Despite media attention to gender inequality in multiple professions, medicine has only recently begun to identify disparities facing women in academic medicine, focusing primarily on women faculty rather than trainees. Because of the unique and poorly understood juxtaposition of forces affecting their experience, focusing on women medical trainees may provide a representative framework to understand the larger, complex problem of gender equity in medicine. Rather than being a complicated problem with component parts that can be separately addressed, gender equity in medicine is a complex problem—one composed of a myriad of interrelated human and systemic factors. Such a complex problem demands innovative, open-minded, user-centered interventions. Here, we outline some of the factors unique to women trainees, including lack of female role models in leadership, gender bias, sexual harassment, work-life imbalance, and few formal leadership training programs. We propose one potential strategy, leadership programs specifically targeted to women residents and fellows. We recently implemented this strategy at our institution in the form of a day-long symposium of skill-building sessions for women residents and fellows.
Although women have achieved equal representation in several medical training programs, there is still a dearth of women in high-profile leadership positions within academic medicine. Although women comprised 46% of United States medical school applicants and residents in 2015-2016, underrepresentation persists at the level of associate professor (35% women), full professor (22%), department chair (14%), and dean (16%).1 Many potential women leaders may not self-identify as such due to the limited exposure to women role models in positions of power and may in fact be ready for leadership roles earlier but not apply until later in their careers as compared with men.2,3 The lack of role models with a shared background is an even more severe problem for women of color and all of these factors contribute to the “leaky pipeline” phenomenon.4 We aimed to address this mindset and help women see themselves as leaders by overcoming “second-generation gender bias” through our work.2
Due to the intense and inflexible nature of residency and fellowship training programs, many women choose to defer milestones such as childbearing.5 Women trainees are more likely than their male colleagues to avoid having a child during residency due to perceived threat to their career and negative perceptions of colleagues.5,6 Women who are in a domestic partnership often bear the brunt of the household work regardless of the careers of the two partners, a phenomenon termed the “second shift.”7 This work-life imbalance has been shown to correlate with depressive symptoms in women internal medicine trainees.8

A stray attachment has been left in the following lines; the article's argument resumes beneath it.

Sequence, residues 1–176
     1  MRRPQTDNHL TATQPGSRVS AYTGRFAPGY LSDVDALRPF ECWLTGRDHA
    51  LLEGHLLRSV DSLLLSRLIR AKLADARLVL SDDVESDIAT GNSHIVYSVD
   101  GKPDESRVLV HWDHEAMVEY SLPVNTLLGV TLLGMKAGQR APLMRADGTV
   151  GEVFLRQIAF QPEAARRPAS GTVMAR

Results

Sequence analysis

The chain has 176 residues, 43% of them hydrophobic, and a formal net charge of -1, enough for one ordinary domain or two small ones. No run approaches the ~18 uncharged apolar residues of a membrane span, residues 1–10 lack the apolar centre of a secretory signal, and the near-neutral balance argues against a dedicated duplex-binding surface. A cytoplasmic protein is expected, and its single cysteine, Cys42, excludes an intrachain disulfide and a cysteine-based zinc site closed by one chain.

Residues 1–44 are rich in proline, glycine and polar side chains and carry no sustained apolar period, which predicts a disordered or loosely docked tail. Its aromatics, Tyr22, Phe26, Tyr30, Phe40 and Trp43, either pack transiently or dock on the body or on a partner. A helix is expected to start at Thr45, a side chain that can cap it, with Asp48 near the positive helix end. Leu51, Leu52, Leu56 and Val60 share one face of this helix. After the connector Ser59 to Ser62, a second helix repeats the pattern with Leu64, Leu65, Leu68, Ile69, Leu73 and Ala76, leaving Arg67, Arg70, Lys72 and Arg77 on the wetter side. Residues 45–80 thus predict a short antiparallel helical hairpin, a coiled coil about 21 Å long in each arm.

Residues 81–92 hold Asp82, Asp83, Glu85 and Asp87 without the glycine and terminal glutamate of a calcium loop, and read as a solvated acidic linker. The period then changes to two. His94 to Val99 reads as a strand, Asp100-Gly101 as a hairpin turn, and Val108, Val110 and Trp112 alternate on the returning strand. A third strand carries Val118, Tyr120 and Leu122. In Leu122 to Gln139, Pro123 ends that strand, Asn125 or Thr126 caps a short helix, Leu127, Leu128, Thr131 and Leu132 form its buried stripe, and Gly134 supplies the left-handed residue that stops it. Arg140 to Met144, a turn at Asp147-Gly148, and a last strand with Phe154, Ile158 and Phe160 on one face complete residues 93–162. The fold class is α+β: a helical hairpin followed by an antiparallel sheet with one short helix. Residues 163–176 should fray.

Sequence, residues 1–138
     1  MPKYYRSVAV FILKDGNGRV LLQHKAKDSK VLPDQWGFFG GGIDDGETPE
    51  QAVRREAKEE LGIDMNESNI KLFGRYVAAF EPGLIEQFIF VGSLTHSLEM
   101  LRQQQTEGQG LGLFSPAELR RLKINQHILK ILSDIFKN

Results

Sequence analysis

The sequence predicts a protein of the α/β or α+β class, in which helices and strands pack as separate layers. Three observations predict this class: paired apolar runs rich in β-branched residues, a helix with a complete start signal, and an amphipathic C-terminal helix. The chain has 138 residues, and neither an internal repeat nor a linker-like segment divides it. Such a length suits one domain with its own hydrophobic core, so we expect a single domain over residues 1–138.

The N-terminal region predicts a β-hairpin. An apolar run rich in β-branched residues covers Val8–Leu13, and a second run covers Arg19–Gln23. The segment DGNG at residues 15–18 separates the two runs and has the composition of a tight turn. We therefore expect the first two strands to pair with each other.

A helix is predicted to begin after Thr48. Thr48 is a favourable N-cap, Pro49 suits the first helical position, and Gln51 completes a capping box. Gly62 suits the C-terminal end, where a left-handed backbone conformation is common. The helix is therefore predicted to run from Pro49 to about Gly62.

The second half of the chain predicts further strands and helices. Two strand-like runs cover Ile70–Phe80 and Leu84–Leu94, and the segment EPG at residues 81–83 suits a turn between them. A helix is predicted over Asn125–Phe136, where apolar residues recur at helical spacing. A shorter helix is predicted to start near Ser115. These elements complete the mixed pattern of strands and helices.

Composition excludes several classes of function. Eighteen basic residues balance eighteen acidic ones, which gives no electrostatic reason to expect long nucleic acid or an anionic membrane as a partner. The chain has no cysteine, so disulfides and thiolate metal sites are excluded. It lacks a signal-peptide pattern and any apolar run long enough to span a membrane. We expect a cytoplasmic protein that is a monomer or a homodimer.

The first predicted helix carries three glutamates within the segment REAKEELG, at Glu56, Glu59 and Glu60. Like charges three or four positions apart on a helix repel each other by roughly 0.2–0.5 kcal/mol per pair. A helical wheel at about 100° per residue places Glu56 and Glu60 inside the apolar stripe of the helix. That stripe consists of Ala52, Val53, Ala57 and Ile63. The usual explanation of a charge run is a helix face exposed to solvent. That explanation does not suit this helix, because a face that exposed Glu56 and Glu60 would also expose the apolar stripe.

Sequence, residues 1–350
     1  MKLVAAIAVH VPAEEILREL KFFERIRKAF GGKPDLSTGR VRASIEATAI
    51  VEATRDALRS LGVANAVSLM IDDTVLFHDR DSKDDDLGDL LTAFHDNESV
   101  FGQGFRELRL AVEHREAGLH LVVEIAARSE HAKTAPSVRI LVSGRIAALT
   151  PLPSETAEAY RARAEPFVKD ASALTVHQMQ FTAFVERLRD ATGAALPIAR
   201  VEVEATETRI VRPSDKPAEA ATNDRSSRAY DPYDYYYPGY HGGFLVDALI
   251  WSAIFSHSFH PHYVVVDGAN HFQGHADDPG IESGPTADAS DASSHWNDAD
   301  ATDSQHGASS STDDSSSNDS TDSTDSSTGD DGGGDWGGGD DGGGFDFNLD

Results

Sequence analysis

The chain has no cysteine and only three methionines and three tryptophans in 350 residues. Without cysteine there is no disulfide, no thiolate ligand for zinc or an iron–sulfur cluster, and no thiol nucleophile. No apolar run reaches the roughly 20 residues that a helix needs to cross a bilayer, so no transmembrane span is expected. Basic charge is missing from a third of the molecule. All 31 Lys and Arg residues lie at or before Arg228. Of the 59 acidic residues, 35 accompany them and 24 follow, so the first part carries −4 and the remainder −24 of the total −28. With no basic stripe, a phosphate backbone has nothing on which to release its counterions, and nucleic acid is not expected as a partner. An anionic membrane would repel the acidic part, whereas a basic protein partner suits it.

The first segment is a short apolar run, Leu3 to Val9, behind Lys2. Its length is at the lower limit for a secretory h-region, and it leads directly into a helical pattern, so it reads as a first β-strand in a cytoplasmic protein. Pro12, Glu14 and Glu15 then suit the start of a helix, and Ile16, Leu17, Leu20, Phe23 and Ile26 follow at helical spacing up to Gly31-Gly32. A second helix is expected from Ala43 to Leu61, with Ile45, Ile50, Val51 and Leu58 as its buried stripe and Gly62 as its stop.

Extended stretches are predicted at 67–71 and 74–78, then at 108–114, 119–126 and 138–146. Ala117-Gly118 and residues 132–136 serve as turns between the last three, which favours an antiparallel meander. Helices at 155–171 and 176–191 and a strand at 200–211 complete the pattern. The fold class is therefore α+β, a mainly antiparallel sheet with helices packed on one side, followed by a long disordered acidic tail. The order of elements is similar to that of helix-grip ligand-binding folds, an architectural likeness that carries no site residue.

Recently, a trainee published on the experience of medical residents being asked whether they were ever called “nurse.” All the women in the room put up their hands; none of their male colleagues did.9 At issue is not the relative importance of the professions of medicine and nursing, but rather the gender stereotypes in medicine that lead to automatic categorization of women into one group. Although the majority of women residents likely have had personal experiences with bias and microaggressions, few are explicitly taught the tools to address these. Beyond microaggressions, women trainees are also subject to more sexual harassment than their male colleagues.10 In addition, women living at the intersections of race, ethnicity, and gender are faced with even higher rates of harassment.11 Reporting sexual assault and harassment can be particularly difficult as a trainee because of the risk of retaliation, fear of poor evaluations from superiors, and lack of confidence in the reporting process.10
Finally, women trainees often receive little training about the skills required for career advancement to achieve parity with their male colleagues. Women are less likely to negotiate due to concerns about backlash or due to general lack of awareness about the importance of negotiation.12 Women are asked to volunteer for “nonpromotable” tasks more often than men by colleagues of both sexes, a barrier to women reaching their full career potential and a difficult workplace scenario to navigate.13 Unlike the fields of business, law, and technology, for example, women in medicine do not routinely have training courses that incorporate skills such as navigating difficult conversations, conflict resolution, curriculum vitae writing, and negotiation. Various solutions have been offered to address some of the barriers facing women in medicine (such as the Association of American Medical Colleges and Executive Leadership in Academic Medicine leadership courses), but typically these focus on faculty rather than trainees. Given that women physicians practicing in the inpatient setting have been shown to have better patient outcomes14 and organizations with female leadership outperform those led by men,15 equipping our women trainees to thrive in the clinical and leadership environments is an essential step in fulfilling our mission as high-quality training programs.